Dar es Salaam and Mwanza regions are set to start administering a cervical cancer vaccination campaign tomorrow to protect girls aged between 9 to 14 years from the deadly disease.
According to reports from Mwanza, authorities are planning to vaccinate 26,641 girls aged 14 years and 31,291 girls aged 9.
Mwanza Regional Medical Officer Silas Wambura said that no district in the region would be left out of the campaign. He said the vaccine would be administered twice a year for better results.
All health facilities, including hospitals, dispensaries, mobile health clinics, will be deployed in the vaccination campaign. Health officials in mobile clinics will visit schools for the vaccine dispensation exercise.
The Clinton Health Access Initiative Vaccination Officer, Joan Mugereza, said statistics had established that 904 out of 53,764 women who turned up for diagnosis over the past four years were found to have symptoms of cervical cancer.
Mungereza noted that cervical cancer was believed to be the leading killer of women among all types of cancers, including the breast variety.
In Dar es Salaam, authorities are planning to reach 24,097 girls. The Regional Reproductive and Child Health Services Coordinator, Ms. Ziada Sellah, said the number embraced school and non-school children as long as the girls concerned were aged 14.
Speaking during a media briefing seminar yesterday, Ms. Sellah said that negative beliefs constituted one of the serious drawbacks against vaccination programmes.
“Many people associate vaccines causing disabilities. For instance, some people already associate this vaccine with barrenness to women. The situation really stagnates the government’s efforts towards improving its people’s wellbeing, health-wise,” she lamented.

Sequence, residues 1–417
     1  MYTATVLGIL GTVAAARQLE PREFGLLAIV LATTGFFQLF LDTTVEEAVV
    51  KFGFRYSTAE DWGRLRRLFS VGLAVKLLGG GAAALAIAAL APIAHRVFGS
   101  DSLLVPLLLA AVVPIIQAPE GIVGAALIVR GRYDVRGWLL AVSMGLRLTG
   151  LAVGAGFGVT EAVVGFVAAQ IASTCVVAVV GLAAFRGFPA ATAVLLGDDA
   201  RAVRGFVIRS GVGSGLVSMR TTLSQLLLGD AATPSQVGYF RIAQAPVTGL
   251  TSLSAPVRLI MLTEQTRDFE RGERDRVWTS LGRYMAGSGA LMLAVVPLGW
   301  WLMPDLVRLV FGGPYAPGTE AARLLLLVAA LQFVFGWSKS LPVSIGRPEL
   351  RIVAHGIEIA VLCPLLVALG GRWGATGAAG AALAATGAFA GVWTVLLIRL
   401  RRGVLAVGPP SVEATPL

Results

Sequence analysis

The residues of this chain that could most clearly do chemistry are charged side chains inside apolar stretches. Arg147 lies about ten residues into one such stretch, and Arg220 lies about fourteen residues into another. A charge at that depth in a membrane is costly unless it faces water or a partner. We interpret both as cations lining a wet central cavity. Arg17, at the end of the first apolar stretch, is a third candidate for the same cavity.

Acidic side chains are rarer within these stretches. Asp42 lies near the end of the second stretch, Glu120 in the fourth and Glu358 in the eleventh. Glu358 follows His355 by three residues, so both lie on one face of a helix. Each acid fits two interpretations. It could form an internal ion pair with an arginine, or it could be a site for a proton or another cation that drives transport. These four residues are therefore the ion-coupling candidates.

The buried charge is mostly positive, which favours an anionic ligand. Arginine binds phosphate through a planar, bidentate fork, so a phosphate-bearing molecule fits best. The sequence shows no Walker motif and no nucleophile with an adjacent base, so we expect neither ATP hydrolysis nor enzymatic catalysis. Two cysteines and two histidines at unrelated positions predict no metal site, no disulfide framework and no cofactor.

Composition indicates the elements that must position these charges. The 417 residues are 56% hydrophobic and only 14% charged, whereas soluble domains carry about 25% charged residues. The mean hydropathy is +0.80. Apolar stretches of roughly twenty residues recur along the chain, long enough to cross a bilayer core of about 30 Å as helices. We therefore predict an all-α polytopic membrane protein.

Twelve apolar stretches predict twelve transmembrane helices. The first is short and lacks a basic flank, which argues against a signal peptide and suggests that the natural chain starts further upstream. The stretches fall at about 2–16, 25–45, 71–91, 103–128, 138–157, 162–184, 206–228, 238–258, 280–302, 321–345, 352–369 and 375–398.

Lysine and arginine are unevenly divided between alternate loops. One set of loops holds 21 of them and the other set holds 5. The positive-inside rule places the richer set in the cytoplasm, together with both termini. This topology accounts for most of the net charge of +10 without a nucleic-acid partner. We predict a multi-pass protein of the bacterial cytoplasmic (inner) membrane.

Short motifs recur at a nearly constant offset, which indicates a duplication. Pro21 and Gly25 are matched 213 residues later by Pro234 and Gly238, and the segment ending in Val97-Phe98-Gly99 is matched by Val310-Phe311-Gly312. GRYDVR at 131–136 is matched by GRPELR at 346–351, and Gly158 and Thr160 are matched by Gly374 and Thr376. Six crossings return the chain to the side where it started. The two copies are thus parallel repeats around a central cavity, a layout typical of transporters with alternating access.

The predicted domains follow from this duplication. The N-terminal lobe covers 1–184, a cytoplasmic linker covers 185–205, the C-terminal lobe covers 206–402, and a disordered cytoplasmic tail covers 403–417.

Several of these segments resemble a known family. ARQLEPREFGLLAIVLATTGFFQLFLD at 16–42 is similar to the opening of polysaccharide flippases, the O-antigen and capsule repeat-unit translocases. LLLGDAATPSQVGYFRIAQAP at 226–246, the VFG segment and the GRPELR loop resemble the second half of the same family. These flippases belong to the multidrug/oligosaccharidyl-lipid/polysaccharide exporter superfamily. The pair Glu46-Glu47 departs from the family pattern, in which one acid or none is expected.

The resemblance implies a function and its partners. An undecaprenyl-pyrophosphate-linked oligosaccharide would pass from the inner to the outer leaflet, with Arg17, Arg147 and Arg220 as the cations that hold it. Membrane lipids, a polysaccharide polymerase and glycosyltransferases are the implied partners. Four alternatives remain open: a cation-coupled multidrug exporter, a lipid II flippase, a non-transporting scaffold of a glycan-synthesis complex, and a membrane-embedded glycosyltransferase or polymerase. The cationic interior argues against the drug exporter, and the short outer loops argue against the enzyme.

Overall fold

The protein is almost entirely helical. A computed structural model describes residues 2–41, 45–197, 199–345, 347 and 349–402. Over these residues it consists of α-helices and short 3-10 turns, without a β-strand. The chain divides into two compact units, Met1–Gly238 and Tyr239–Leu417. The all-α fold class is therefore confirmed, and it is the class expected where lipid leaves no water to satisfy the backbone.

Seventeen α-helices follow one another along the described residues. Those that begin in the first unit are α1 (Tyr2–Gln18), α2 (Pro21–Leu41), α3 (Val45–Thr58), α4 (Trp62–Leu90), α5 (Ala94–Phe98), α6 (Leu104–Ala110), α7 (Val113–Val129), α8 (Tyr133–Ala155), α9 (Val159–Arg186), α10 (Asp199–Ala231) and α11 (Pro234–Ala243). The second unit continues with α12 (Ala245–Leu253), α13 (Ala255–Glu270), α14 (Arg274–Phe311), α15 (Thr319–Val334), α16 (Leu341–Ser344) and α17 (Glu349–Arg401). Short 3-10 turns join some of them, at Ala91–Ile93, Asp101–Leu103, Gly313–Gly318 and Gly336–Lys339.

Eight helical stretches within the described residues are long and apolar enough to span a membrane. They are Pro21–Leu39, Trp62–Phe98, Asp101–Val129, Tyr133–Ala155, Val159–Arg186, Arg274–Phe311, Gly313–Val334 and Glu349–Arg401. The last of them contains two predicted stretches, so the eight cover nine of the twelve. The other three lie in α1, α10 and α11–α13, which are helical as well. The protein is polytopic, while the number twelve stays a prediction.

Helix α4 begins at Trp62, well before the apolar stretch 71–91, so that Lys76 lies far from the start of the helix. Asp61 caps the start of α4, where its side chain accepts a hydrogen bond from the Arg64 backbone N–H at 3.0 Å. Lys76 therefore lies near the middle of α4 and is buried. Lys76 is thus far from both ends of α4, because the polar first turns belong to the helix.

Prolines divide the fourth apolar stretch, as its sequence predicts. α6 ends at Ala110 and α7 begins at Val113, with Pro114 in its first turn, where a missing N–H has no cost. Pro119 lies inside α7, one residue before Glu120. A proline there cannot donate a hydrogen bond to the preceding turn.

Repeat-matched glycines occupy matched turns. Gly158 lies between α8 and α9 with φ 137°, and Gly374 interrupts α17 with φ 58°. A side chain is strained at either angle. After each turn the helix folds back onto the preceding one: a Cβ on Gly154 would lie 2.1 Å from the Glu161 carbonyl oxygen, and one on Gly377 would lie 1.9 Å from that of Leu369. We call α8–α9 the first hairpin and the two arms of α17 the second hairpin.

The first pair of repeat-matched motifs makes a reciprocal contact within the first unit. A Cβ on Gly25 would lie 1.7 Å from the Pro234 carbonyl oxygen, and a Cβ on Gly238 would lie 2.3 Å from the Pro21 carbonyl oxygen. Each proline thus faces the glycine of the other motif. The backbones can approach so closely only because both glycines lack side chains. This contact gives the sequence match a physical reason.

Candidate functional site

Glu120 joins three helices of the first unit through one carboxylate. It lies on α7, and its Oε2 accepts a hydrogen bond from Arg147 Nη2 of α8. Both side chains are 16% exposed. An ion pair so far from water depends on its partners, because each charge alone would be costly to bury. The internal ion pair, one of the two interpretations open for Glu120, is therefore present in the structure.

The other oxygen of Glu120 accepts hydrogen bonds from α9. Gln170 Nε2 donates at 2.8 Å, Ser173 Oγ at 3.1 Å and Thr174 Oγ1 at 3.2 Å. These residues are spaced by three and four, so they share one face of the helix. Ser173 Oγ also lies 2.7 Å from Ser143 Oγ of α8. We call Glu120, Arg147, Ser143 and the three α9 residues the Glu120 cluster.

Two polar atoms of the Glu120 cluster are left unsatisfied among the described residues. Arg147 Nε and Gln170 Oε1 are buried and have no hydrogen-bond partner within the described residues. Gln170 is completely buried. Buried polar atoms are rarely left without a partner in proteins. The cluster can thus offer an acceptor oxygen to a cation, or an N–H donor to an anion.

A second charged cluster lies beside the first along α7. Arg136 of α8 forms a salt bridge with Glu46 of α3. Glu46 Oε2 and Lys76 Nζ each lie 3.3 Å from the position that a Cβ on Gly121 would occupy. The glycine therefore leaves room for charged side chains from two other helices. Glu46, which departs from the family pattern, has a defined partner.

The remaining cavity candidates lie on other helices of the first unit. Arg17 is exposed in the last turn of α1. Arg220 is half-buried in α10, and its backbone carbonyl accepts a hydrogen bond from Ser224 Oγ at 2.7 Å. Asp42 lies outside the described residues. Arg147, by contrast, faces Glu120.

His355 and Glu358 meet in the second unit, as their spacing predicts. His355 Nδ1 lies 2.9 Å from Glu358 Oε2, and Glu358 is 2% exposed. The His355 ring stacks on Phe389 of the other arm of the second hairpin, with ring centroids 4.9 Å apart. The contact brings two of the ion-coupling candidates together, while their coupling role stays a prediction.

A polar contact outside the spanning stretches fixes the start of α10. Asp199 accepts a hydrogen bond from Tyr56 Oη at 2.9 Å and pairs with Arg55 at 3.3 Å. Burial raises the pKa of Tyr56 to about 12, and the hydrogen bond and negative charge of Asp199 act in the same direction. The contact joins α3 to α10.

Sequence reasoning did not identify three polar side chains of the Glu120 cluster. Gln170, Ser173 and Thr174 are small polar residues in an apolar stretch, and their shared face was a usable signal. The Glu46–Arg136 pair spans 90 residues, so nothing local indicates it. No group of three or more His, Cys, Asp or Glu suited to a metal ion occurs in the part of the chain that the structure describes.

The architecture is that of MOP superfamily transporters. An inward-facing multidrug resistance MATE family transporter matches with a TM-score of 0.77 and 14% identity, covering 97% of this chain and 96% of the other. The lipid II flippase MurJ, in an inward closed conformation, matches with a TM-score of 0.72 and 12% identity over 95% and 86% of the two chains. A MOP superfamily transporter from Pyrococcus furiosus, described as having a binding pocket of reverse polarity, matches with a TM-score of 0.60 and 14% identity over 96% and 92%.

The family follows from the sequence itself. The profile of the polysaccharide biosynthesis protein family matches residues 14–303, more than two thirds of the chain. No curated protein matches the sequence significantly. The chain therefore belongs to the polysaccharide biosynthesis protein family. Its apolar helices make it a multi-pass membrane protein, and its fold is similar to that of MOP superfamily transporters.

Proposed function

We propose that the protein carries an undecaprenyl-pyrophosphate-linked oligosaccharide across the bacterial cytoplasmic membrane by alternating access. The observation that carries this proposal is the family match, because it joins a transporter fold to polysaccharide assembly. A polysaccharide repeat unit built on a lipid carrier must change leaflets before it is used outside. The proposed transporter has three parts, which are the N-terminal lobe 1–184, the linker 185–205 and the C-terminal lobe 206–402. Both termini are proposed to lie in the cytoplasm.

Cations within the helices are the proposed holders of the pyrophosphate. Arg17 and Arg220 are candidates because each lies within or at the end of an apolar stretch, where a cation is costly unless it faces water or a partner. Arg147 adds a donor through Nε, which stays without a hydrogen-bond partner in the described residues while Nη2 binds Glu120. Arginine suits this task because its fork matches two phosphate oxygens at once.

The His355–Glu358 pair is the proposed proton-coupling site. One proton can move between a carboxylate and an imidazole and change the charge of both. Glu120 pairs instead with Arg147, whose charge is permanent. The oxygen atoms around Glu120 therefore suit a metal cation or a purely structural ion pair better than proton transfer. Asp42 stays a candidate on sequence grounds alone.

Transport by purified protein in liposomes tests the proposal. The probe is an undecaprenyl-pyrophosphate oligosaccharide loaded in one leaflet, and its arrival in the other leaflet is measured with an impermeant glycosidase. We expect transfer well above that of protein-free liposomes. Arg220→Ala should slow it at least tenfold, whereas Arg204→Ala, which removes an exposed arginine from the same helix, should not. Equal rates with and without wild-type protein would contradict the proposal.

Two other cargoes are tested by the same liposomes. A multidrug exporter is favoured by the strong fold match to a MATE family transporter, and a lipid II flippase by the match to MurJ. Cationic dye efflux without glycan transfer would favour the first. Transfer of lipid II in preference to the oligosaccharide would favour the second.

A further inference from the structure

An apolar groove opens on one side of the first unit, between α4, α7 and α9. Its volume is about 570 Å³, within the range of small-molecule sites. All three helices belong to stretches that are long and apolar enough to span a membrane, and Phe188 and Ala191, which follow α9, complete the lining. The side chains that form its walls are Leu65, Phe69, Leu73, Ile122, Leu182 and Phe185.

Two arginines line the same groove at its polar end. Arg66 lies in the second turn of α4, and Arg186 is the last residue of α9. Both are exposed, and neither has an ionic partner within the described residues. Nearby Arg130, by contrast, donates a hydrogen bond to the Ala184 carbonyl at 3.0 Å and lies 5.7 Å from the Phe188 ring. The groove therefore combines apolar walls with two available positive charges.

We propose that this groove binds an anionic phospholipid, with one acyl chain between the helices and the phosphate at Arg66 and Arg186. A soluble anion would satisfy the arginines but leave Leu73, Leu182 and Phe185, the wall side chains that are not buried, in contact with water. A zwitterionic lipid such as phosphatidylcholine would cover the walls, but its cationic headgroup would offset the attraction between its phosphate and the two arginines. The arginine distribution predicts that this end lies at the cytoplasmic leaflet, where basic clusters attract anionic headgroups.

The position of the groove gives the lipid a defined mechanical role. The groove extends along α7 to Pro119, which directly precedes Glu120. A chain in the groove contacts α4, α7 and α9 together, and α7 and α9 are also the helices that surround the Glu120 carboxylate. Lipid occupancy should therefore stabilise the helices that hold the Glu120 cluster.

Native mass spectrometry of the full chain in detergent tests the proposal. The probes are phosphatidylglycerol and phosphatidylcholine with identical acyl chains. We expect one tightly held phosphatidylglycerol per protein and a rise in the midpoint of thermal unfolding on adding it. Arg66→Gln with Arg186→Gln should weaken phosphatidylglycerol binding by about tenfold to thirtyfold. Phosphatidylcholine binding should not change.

The Regional Vaccine Supervisor, Ms. Zuhura Mkwizu, explained that the programme was only for young females, and did not apply to those who already sexually active.
It was thus assumed that the targeted female (9 to 14 years) were not yet exposed to sex, stressing that only 14 years old girls would be covered in the course of the current year.
She added that apart from the budget deficit, the vaccine manufacturer was overwhelmed by demand since virtually all countries in the world were waging the battle.
“But if a continuous programme, everyone will be reached. Those outside schools will be reached through our community health service providers,” she said.
A representative from the National Vaccine programme in the Ministry of Health, Community Development, Elderly and Children, Ms. Lotalis Gadua, said regular Health check-ups were vital, citing cervical and breasts cancer as posing serious threats to women.
Dar es Salaam Regional Commissioner, Paul Makonda stressed the importance of regular medical tests, saying apart from the huge cost the government was footing, many lives were lost to cancers.
He added that while cervical and breast cancer threated the lives of females, prostate cancer did the same for men.
Cervical cancer is not common cancer in the developed world and is even rarer in younger populations, with an average of only 14 carcinomas per year among those aged 15-19 years, and 125 carcinomas per year among those aged 20-24 years.
Precancerous lesions are frequently found among these groups and are more likely to regress than older ages.
Based on the rarity of the invasive disease and the potential harms of overscreening and treating this young population, national organizations have all moved toward a later starting age to screen for cervical cancer regardless of onset of sexual activity.
However, studies have shown that providers are continuing to over screen and over treat this young population. With the introduction of human papillomavirus vaccine, the prevalence of true cancer precursors is expected to decrease, thereby increasing the rate of false-positive results and unnecessary treatment.